Journals The Tattoo

The pain and suffering of braces

WEST HARTFORD, Connecticut, U.S.A. — My mouth is a mess – or at least that’s what the orthodontist said.
I sure didn’t expect that getting braces would be as painful as it’s turned out to be so far, and I haven’t even gotten them yet.
When I first learned I would probably need braces, I was nervous. My mom and dad delayed it so often that I didn’t think I would ever get them.
Wesley Saxena in India last winter.
About two weeks before the process was supposed to start, I got to thinking that I did want braces and I didn’t want to wait anymore. But now I’m not so sure that deciding to go through with it was such a good idea.
The fun started a couple weeks ago.
To prepare for installing braces, the orthodontist had to make molds of my teeth with a putty substance and then make casts with plaster. To make the molds, the orthodontist used a metal horseshoe-shaped palette with the putty inside it.
When the orthodontist withdrew the palette from my mouth after making a mold of my top teeth, she didn’t pull it down and then out, she wrenched it out of my mouth by pulling it sideways and making my gums hurt.
But that pain was nothing compared to what I felt last week when I got spacers put in. Spacers are little rubber rings that go behind and in front of a molar on each side of your mouth – on the top and on the bottom.
A total of eight spacers get “gently eased” – as the orthodontist says – into your mouth to make room for the wires that hold your braces into place. The orthodontist threads floss through the spacer and gruffly pushes it in between your teeth and then pulls out the floss.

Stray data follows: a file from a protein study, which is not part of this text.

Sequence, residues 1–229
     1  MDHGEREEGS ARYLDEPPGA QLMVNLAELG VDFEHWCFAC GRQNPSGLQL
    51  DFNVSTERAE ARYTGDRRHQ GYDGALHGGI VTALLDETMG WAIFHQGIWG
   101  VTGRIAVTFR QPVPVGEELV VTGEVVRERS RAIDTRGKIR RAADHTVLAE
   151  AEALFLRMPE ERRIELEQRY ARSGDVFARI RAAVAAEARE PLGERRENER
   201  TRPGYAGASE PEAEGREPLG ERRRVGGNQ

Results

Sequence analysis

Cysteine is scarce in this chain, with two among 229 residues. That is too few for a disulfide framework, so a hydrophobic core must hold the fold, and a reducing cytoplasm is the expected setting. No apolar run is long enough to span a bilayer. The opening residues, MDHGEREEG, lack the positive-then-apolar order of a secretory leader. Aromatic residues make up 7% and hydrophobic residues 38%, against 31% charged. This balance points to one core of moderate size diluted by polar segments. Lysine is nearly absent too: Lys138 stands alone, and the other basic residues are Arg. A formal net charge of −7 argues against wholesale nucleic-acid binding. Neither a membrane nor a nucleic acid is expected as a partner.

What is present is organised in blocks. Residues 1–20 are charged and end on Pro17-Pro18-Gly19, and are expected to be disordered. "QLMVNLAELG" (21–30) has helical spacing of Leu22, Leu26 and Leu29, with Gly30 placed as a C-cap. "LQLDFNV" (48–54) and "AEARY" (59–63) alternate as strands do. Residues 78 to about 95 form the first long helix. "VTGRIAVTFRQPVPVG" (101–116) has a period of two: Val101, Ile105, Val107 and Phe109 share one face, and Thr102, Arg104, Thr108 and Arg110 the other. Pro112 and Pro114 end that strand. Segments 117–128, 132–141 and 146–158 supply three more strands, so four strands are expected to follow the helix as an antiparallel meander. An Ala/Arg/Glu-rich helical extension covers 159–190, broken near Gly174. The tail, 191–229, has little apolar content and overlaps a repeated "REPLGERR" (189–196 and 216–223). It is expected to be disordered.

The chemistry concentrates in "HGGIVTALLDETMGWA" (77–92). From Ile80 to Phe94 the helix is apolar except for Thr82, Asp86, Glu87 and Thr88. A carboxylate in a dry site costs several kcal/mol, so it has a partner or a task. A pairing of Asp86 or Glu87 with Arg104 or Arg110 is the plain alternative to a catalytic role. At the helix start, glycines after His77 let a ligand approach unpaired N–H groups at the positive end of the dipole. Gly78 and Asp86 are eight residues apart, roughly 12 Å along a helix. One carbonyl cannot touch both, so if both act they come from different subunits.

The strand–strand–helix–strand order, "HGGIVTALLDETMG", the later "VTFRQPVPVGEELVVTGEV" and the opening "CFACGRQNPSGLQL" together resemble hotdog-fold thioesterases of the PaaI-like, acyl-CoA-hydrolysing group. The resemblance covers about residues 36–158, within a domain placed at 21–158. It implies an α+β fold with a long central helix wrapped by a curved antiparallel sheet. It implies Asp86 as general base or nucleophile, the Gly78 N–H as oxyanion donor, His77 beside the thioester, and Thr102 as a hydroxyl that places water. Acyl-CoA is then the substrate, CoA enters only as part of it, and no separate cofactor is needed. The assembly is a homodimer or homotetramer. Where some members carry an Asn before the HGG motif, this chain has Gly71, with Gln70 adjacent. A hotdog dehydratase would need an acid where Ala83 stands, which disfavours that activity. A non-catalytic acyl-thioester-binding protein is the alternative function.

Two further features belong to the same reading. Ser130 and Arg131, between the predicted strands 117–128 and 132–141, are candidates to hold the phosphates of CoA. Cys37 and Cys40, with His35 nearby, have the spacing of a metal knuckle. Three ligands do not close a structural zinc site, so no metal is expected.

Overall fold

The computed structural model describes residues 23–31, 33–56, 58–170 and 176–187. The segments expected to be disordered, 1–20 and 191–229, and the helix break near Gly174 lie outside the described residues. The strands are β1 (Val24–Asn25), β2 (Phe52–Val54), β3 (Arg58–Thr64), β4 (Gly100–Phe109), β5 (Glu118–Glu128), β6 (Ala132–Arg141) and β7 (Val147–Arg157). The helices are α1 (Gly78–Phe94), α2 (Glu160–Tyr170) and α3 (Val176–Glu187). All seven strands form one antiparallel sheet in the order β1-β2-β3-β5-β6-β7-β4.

Then they say, “Now it will feel like a bit of corn between your teeth and you’ll want to pull it out, but you can’t.”
You can’t, even if it causes you unbearable pain. I made it through a whole school day without the spacers hurting, but when I got home, I got a headache and a toothache, which caused me to fall asleep.
The next morning I couldn’t touch my top and my bottom teeth together without feeling like my teeth were going to shatter.
The orthodontist said that I couldn’t eat things that were too hard, too sticky, anything that can easily get stuck in my teeth … but forget that – I couldn’t eat anything, my teeth hurt so much!
In addition to unbearable pain and suffering, just yesterday I found out that not only were the teeth that the spacers surrounded getting pushed, but I noticed my front teeth were forced together.
They became all jumbled up and more crooked than they were before. Because of the spacers, I’ll probably have to have my braces on even longer.
Speak of the devil, I’m getting them in just a couple of days.

Wesley Saxena is a Reporter for Youth Journalism International.

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